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The Fair Comes to Town

The first Indiana County Fair was held on October 16, 1855 on a site which is now occupied by the IUP Campus. This was a six-acre site, now the current site of Waller Hall, Fisher Auditorium, Stapleton Library and Clark House. The site was purchased by the Indiana County Agricultural Society from James Sutton at a price of $840.


At the time the fair was a three-day event sponsored by the agricultural society, organized on January 2, 1855. Judge Thomas White was elected president of both the society and the fair, and was put in charge of a board of managers comprised of James Hood, John G. Coleman, Robert H. Armstrong, David Ralston, James Bailey, J.T. VanHorn, and Samuel Johnston.


In July, the society announced the date and admission price for the county’s first fair - tickets would be 25 cents and half price for children.


All competitors for premiums had to be members of the society. On the second day of the fair, a plowing match and ladies’ riding match were held. Caroline Peelor won the ladies’ contest. Among the other awards were $2.00 to H. Shomo for the best stalk and straw cutter; $1.00 to G.R. Shoup for the best washing machine; $4.00 to Hail Clark for the best two-horse carriage; and $1.00 to Dr. J.G. Caldwell for the best violin. There were also awards for a plow, grape jelly, and woolen carpet. Many winners returned their premiums to the society.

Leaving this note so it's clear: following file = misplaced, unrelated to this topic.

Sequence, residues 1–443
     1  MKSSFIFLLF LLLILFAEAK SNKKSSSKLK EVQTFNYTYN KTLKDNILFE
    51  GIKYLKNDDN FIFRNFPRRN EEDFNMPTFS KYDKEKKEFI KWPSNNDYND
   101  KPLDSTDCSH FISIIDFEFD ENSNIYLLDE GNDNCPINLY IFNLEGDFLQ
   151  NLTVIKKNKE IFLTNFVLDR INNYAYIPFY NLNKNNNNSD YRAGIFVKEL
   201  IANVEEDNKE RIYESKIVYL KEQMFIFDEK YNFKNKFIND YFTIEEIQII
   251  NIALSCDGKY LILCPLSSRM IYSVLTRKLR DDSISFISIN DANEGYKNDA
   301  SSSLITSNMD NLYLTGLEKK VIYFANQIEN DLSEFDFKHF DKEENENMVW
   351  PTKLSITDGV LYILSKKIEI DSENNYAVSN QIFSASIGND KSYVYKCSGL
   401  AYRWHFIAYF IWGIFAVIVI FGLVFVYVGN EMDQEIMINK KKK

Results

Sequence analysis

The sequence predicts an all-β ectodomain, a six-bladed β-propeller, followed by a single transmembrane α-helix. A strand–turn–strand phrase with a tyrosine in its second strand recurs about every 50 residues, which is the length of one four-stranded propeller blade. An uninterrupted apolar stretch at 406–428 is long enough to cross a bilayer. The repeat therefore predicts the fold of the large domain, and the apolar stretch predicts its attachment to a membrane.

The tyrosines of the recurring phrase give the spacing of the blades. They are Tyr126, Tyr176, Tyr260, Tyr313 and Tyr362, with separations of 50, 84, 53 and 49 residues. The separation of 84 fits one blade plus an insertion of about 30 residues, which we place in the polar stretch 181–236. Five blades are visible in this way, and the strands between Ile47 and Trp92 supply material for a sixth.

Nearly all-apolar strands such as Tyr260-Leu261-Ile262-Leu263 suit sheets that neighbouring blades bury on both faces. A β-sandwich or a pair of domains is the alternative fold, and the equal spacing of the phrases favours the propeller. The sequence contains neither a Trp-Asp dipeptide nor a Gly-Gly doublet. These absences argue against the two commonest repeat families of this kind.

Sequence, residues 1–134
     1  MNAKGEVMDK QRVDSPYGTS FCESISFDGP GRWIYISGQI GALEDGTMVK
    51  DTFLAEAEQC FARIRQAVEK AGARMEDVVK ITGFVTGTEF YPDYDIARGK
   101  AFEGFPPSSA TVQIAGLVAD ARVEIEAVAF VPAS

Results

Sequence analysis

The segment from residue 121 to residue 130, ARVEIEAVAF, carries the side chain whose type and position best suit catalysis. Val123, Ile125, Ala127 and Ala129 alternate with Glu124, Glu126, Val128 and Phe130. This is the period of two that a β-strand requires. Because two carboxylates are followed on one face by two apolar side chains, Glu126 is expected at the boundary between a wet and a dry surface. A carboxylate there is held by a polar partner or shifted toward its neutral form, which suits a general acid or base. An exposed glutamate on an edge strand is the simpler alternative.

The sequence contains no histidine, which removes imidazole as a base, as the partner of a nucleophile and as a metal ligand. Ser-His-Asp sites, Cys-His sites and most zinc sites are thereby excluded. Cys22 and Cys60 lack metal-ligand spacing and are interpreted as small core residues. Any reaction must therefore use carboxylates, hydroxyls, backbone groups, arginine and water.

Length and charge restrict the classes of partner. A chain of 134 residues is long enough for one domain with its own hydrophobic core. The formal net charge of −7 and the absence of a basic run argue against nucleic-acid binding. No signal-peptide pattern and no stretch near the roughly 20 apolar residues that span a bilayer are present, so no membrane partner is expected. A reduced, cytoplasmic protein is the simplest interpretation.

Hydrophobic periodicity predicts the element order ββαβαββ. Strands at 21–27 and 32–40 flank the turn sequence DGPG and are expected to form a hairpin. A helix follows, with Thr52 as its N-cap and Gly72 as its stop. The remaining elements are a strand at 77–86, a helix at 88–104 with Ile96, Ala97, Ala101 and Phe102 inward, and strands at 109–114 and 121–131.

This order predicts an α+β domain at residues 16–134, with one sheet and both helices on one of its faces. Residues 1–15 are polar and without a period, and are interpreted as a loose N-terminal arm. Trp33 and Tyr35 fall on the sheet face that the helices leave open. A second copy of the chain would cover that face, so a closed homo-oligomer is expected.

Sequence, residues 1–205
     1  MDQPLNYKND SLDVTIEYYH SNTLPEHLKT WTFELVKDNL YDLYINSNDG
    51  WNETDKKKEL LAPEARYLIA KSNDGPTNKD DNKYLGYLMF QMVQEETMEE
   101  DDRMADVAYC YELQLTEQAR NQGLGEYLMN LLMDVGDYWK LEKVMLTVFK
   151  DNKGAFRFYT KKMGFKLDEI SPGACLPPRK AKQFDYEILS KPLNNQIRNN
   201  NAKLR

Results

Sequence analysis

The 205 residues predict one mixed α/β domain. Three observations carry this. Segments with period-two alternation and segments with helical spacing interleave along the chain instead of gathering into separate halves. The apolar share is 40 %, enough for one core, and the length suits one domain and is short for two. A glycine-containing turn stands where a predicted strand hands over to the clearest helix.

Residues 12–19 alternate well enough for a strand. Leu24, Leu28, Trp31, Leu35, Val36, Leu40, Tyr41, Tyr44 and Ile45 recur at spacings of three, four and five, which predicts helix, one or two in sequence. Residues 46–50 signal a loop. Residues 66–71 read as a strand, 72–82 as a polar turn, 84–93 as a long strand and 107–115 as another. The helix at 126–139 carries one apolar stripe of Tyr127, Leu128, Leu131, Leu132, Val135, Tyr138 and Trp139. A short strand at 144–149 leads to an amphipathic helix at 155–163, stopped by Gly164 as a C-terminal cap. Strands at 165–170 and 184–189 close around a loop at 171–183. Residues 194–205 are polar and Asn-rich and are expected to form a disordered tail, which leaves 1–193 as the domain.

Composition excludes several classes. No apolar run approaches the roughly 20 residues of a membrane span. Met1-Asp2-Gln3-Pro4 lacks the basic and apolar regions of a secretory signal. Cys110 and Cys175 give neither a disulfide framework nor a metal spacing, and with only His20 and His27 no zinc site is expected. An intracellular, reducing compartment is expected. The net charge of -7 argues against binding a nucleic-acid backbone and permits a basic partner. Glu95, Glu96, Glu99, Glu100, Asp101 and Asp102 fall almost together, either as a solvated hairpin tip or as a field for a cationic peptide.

This year’s fair August 26-September 2 at Mack Park will mark the 160th in the county. It is important to note that fairs were not held in 1859, 1864, 1932-36, and 1943.


In 1856, only the second year of hosting a fair, receipts were $1,302.76, which included $426.00 in ticket sales. Among the expenses were $30.00 for a brass band, $20.75 for police on the grounds, and $120.87 for digging and walling a well. It was during this fair that David Peelor’s map of Indiana was judged “worthy of merit.”


In 1858, on the second day of the fair, Luther Martin of Blairsville “sent off a large paper balloon that ascended beautifully to a great height and sailed off in a northwestern direction until it was entirely out of sight.”


Farm equipment was exhibited including threshing machines of the tumbling shaft model operated by horses, flour barrels, “portable fences,” grain cradles, cider presses, tinware, and kaolin soap.


In 1859 because of a severe frost in early June, the agricultural society made the decision not to host a fair, however, a new organization, the Conemaugh Valley Agricultural Society, held a fair October 4-6 near Blairsville. Four special trains a day were run from Indiana to Blairsville, and the crowd on October 5 was estimated to be 3,000.


In 1860, Tom Buckly, a renowned pedestrian, walked 100 hours continuously at the fairgrounds.


In 1864, because of the Civil War, the fair was discontinued for a second time.